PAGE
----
"The execution of a contract in writing supersedes all the oral negotiations or stipulations concerning its terms and subject-matter which preceded or accompanied the execution of the instrument, in the absence of accident, fraud, or mistake of fact; and any representation made prior to or contemporaneous with the execution of the written contract is inadmissible to contradict, change, or add to the terms plainly incorporated into and made a part of the written contract."
See, also, Western Silo Co. v. Pruitt, 94 Okla. 154, 221 P. 106; Fuller v. Caraway, 97 Okla. 110, 221 P. 79; Stebbins v. Lena Lumber Co., 89 Okla. 244, 214 P. 918; Southard v. Arkansas Valley & W. Ry. Co., 24 Okla. 408, 103 P. 750; Fisher v. Gossett, 36 Okla. 261, 128 P. 293; Norris v. Richards, 105 Okla. 269, 232 P. 796.
¶12 Plaintiffs cite a number of authorities in their brief in support of the well-settled rule that, in the case of doubt as to the meaning of a written contract, prior negotiations between the parties may be considered in construing the contract. Plaintiffs, however, fail to point out in their brief wherein the written contract attached to their petition is doubtful or uncertain in meaning, so as to render applicable the long list of authorities cited in their brief. They say:
"Certainly, if it is contended that under the terms of the contract plaintiffs were required to pump water for perhaps days and weeks in an effort to exhaust the water, and until all the profit which they might earn was gone before they could commence their contract to deepen the well, could it be said that there is no uncertainty therein?"
¶13 The trouble with this contention is that the uncertainty of which plaintiffs complain is not an uncertainty in the language of the contract so much as uncertainty as to the effect of the contract on their personal fortunes.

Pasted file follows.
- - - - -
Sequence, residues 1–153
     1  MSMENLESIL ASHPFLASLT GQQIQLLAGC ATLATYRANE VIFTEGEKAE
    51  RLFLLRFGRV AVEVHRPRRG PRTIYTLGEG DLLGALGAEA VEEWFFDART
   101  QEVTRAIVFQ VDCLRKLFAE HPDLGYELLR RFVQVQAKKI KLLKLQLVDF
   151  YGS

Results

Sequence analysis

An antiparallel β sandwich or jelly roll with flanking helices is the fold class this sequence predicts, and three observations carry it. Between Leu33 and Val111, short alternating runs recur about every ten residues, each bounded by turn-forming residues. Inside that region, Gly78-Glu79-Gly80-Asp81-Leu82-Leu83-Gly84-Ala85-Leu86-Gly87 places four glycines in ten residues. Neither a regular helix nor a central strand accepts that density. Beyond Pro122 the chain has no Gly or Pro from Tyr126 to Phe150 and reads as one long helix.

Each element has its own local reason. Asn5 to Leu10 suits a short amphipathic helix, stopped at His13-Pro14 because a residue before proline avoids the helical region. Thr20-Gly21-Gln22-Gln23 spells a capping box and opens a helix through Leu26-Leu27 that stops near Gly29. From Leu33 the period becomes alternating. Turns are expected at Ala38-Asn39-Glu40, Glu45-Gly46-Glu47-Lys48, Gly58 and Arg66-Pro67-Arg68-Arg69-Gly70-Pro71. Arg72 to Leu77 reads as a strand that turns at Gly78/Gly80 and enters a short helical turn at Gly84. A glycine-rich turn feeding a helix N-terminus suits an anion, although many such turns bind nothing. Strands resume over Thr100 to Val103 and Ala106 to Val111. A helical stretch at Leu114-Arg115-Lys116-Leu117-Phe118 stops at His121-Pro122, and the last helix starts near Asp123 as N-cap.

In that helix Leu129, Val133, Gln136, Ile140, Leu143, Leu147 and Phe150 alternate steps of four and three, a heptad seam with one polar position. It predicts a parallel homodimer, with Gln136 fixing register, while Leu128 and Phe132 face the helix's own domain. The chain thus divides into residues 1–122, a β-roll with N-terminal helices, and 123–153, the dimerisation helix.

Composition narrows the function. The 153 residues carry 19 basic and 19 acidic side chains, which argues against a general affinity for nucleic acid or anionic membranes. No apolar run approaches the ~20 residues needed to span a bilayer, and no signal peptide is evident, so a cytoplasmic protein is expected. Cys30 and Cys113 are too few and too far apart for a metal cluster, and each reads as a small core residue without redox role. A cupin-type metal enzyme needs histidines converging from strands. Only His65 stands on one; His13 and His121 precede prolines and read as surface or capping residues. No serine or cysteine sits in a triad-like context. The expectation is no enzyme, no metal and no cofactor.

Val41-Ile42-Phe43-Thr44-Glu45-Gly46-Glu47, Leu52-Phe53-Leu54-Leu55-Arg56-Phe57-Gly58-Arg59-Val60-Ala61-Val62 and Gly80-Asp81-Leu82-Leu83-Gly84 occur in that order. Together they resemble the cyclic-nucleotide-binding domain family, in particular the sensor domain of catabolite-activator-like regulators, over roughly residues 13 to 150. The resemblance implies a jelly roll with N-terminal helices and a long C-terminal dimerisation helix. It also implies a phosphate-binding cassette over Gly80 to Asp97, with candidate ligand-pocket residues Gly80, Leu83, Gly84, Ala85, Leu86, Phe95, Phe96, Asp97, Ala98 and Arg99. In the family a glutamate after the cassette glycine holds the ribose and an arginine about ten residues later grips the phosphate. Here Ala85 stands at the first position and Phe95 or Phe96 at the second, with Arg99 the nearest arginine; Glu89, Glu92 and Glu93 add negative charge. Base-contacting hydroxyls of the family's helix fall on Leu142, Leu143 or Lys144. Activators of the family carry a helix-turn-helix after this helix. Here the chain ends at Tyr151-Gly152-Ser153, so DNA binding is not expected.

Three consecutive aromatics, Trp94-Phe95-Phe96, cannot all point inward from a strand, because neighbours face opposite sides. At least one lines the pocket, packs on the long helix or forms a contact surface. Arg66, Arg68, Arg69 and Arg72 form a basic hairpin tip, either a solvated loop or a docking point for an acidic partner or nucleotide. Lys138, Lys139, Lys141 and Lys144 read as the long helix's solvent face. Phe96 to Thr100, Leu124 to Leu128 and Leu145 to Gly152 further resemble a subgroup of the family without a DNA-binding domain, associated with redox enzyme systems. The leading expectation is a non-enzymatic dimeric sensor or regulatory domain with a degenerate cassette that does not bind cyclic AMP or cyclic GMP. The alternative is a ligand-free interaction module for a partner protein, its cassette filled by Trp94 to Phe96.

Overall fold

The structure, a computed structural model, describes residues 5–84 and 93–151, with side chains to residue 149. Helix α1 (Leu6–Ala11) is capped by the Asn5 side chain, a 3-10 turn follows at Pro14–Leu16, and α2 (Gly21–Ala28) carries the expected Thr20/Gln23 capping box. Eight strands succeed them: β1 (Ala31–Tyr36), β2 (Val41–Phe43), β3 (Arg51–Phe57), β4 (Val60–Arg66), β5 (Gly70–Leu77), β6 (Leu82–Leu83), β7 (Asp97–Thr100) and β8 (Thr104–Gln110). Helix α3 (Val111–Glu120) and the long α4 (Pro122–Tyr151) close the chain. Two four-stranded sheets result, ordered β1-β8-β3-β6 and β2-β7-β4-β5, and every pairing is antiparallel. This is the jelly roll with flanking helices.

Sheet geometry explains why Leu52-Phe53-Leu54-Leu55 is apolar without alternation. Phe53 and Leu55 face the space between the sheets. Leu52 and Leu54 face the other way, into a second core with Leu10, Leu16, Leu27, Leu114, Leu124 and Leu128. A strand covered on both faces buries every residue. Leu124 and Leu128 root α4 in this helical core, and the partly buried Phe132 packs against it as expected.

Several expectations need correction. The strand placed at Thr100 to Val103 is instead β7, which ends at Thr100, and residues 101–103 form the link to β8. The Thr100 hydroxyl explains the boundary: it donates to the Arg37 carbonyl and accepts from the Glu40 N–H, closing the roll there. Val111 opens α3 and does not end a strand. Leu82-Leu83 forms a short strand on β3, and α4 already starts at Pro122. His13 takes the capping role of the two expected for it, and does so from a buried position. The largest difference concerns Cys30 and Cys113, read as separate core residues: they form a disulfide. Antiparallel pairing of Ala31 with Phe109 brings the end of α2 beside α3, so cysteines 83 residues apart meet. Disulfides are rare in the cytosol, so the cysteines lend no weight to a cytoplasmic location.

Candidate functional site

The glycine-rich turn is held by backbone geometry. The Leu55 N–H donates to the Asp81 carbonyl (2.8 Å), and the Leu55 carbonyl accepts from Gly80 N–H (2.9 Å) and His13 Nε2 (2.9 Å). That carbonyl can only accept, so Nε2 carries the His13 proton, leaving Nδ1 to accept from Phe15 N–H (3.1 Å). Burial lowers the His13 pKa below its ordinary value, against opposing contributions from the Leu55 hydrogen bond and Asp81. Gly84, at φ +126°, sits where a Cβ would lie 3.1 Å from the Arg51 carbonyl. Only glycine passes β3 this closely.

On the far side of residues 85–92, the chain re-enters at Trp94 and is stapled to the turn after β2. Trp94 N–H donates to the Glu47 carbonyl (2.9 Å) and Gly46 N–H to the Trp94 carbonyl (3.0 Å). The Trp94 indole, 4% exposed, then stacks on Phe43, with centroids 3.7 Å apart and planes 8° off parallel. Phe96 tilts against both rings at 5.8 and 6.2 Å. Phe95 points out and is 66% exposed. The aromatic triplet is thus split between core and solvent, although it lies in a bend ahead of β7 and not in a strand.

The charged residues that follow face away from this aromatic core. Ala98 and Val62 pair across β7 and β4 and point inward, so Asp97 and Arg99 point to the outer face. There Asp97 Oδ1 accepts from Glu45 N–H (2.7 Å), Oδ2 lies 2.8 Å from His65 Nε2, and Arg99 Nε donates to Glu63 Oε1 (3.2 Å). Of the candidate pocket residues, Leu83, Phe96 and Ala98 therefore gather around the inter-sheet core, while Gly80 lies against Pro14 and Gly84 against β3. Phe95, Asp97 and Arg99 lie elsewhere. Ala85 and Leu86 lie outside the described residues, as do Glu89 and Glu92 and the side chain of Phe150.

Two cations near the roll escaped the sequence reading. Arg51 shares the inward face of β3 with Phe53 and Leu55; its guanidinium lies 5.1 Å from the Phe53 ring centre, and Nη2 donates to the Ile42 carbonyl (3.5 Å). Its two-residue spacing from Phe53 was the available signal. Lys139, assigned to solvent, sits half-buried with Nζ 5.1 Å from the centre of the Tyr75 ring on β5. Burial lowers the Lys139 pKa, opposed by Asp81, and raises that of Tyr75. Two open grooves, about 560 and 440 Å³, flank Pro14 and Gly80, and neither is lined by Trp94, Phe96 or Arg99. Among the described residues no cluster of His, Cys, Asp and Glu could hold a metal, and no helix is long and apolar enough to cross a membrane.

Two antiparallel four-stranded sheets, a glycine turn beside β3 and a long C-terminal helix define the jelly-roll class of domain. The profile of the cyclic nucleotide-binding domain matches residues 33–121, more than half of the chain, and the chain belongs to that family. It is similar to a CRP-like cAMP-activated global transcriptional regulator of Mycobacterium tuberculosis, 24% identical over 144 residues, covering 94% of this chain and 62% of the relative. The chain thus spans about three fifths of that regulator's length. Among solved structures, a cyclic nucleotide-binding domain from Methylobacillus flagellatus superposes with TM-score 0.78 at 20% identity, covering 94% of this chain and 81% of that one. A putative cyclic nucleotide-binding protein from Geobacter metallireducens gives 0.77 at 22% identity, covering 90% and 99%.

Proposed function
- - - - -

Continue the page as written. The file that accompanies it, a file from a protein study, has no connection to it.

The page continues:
¶14 Failure to realize any profit in carrying out the contract as written may evidence negligence on their part in entering into the contract, but such result discloses no infirmity in the written contract itself, if the contract is otherwise clear and unambiguous. McNinch v. Northwest Thresher Co., 23 Okla. 386, 100 P. 524.
¶15 When parties have solemnly reduced their contract to writing and made it the highest memorial of their agreement, it is not for the courts to discharge an obligor therein from its binding effect, merely because the contract turns out to be difficult or burdensome to perform. If loss must ensue it must fall where the contract places it. 6 R.C.L. page 997.
¶16 There is no merit in the contention that parties in the instant case, by their conduct under the contract, have placed thereon a practical construction in harmony with the contention of the plaintiffs. It is said that because the defendant told plaintiffs to swab the well at defendant's expense, he thereby accepted the construction placed upon the contract by the plaintiffs rendering him liable.
¶17 The evidence discloses that in swabbing the well after plaintiffs commenced work thereon, and in attempting to get rid of the surplus water, the cost of these operations was not treated as the expense of any one party to the contract, but was during a part of the time at least conducted at the expense of the plaintiffs alone, and in this situation it cannot be said, consistently, that the defendant concurred in plaintiff, interpretation of the contract any more than that the plaintiffs were adopting defendant's version thereof.